The center has formed a 16-member committee, made up of directors of seven IITs and vice chancellors of four central universities, to draw up a roadmap on the question “from different sides” to allow foreign campuses of Indian universities. .
The development follows IIT Delhi’s proposal to open centers in Saudi Arabia and Egypt.
The committee, led by the IIT Council Standing Committee Chair, Dr K Radhakrishnan, has been asked to “submit by March 17 a framework/structure for the opening of campuses abroad by higher education institutions after considering the existing provisions for opening offshore campuses”.
The committee members include Directors of seven IITs – Mumbai, Delhi, Kharagpur, Madras, Kanpur, Guwahati, Dhanbad – and the Vice Chancellors of Delhi University, Jawaharlal Nehru University, Banaras Hindu University, University of Hyderabad, and the Director of the Indian Institute of Science, Bengaluru. His mandate includes drafting the administrative, financial and legal framework of the proposed overseas campuses.
The proposals, including those from IIT Delhi, will be submitted to the committee. Among the highlights of the overseas campuses proposed by IIT Delhi are four-year undergraduate courses, an annual intake of up to 240 students in four branches based on SAT scores, and campuses spread over 100 acres that are close to major cities with good air connections lie.
The leading technical school’s proposal marks the second attempt at expanding abroad. The earlier attempt to establish a research academy in Mauritius under an agreement with the Mauritius Research Council had sparked controversy in 2014 after objections from the then Minister of Human Resources Development, Smriti Irani.
The second attempt of IIT-D
The Centre’s move to set up a committee to draft a roadmap for Indian universities to set up campuses abroad stems from IIT Delhi’s proposal to open campuses in Saudi Arabia and Egypt. Earlier, then-HRD minister Smriti Irani had objected to IIT-D’s attempt to establish a research academy in Mauritius.
“The operational security required to isolate the parent institution from its offshore campuses from liability under foreign law” is also part of the Radhakrishnan Commission’s remit.
A senior official from the Ministry of Education said the committee has met once so far where discussions were held about whether the IITs should jointly start one campus abroad or whether each IIT should compete abroad separately.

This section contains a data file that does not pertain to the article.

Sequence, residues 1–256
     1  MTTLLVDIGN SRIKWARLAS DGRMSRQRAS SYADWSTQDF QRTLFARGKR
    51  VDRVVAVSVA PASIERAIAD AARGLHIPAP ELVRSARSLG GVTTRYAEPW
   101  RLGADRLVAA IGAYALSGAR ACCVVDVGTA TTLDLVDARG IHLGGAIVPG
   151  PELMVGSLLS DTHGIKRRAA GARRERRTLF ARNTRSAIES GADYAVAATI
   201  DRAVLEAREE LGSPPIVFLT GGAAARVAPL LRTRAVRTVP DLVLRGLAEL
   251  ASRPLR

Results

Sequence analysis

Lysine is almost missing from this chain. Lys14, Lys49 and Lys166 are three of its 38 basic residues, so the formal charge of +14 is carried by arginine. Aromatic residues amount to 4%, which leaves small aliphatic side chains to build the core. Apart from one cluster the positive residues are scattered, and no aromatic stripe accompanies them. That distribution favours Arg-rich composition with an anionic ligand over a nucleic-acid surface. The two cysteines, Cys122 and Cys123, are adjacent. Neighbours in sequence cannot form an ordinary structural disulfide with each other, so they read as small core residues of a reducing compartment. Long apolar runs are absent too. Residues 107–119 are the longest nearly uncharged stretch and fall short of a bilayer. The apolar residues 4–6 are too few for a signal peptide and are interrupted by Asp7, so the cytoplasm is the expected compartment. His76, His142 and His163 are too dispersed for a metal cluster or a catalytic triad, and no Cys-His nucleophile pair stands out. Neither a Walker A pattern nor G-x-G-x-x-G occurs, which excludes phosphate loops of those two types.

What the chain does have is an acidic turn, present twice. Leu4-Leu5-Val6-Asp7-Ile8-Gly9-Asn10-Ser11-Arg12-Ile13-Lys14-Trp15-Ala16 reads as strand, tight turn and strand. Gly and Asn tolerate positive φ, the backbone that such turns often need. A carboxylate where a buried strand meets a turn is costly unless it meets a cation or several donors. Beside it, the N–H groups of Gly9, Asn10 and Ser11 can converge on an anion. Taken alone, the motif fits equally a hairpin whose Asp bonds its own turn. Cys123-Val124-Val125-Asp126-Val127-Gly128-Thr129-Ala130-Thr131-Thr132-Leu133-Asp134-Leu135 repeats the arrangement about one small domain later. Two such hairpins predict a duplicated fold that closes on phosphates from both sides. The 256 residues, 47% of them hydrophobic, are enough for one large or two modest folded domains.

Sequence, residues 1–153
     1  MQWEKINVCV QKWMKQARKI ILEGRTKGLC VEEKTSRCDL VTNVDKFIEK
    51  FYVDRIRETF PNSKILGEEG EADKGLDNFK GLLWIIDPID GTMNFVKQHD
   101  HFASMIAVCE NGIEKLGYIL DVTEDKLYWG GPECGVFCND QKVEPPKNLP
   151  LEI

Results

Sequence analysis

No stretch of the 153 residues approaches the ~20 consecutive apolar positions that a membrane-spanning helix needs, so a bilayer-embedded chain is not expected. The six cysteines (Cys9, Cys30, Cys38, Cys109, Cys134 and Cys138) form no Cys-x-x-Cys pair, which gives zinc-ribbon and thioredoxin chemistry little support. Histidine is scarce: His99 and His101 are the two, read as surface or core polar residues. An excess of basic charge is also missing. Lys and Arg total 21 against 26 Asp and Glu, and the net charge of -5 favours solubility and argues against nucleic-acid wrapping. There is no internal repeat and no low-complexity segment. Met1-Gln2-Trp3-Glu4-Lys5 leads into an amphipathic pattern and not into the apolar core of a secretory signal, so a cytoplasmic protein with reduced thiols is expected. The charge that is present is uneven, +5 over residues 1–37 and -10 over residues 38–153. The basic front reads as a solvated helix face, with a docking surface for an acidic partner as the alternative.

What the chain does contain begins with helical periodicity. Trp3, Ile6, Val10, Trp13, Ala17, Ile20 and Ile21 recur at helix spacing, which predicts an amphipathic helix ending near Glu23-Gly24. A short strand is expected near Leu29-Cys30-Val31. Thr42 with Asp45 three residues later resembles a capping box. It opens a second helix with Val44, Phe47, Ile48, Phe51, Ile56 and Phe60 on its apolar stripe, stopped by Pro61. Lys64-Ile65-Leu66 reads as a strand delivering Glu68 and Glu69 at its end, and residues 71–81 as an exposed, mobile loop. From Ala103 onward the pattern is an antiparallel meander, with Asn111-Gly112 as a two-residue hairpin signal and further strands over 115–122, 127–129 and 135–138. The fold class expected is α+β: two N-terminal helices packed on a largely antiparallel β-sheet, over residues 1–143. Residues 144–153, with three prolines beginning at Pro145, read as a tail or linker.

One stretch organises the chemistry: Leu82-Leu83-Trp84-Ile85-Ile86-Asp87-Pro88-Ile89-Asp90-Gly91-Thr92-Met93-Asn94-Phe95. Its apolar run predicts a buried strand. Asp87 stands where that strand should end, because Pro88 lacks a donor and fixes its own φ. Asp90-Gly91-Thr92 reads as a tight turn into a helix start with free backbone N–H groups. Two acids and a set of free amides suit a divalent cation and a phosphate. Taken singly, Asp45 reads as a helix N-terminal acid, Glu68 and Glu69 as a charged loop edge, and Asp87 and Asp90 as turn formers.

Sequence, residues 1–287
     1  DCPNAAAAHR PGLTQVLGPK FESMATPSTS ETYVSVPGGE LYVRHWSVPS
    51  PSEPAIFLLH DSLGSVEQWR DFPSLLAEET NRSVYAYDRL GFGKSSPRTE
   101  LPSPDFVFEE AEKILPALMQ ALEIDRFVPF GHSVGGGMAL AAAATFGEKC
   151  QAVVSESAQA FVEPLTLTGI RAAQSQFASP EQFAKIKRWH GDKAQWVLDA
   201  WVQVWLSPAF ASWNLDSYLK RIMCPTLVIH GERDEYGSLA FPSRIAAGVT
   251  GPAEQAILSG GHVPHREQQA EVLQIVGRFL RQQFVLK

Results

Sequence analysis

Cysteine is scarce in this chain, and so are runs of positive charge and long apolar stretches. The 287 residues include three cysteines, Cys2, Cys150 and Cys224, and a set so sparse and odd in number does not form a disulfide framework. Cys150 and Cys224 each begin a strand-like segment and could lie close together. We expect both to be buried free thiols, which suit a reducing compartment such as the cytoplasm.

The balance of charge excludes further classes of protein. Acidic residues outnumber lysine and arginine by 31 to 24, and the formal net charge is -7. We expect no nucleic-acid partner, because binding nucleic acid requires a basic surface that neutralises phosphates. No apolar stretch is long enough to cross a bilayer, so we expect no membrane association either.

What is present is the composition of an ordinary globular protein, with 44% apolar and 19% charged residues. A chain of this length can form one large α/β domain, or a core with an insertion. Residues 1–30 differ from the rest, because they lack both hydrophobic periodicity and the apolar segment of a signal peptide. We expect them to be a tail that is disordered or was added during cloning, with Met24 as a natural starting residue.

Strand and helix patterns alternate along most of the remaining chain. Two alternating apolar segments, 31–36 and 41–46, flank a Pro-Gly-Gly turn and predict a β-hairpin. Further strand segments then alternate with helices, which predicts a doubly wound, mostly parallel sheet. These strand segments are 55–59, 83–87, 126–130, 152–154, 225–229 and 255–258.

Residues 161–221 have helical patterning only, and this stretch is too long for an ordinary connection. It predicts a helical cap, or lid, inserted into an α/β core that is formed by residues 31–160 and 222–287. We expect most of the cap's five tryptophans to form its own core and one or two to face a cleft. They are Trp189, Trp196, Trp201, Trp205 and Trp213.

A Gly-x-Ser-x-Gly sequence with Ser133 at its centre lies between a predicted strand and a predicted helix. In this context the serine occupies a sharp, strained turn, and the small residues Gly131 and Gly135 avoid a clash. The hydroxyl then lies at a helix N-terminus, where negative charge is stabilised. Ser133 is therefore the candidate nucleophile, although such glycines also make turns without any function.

“And why only IITs? Many other central universities have the necessary expertise to launch off-shore campuses. The committee prepares a roadmap. IIT Delhi is an institution of eminence and has an autonomous decision-making structure. But any proposal involving money, needs the approval of the ministry,” the official added.
According to the structure outlined by IIT-D, the proposed campuses – which will be headed by directors appointed by the chairman of the board of directors of central Delhi – in Saudi Arabia and Egypt will be financially supported by stakeholders in those countries, including their governments, industry or philanthropic donors.
“An alternative model would be to set up the KSA campus [Kingdom of Saudi Arabia] as a for-profit company. This would have the advantage of attracting potential investors who can provide the necessary capital to set up the campus. However, IIT Delhi has no experience working with such a model and while it may be willing to explore the possibility, it would not be its priority,” it said in the draft proposal.
In line with the national education policy, the Center had issued guidelines last year allowing leading institutions such as IIT Delhi to open foreign campuses with the prior approval of the Ministry of Education and without objections from the Ministry of Foreign Affairs and the Ministry of Home Affairs.
“The campus would admit 60 students in each discipline each year and this would imply 240 students in each cohort and about 1,000 students and 60 faculty members on campus after 4 years,” says the IIT-D proposal. Students will spend their final year of the course on the Delhi campus, it adds.
Of the total faculty members, 60 percent are suggested to be either from Saudi Arabia or from Egypt. The recruitment of teachers, who are expected to spend one semester on the Indian campus every three years, will be conducted by IIT Delhi.
The proposal includes the establishment of “state of the art labs and classrooms”, dormitories, food courts, sports facilities, 150 apartments for teaching and non-teaching staff on a 100-hectare campus “close to a major city with good air links to Delhi.”
“The adjacent city should have good educational and medical facilities to meet the needs of the teaching and scientific staff that would be housed on campus,” it says.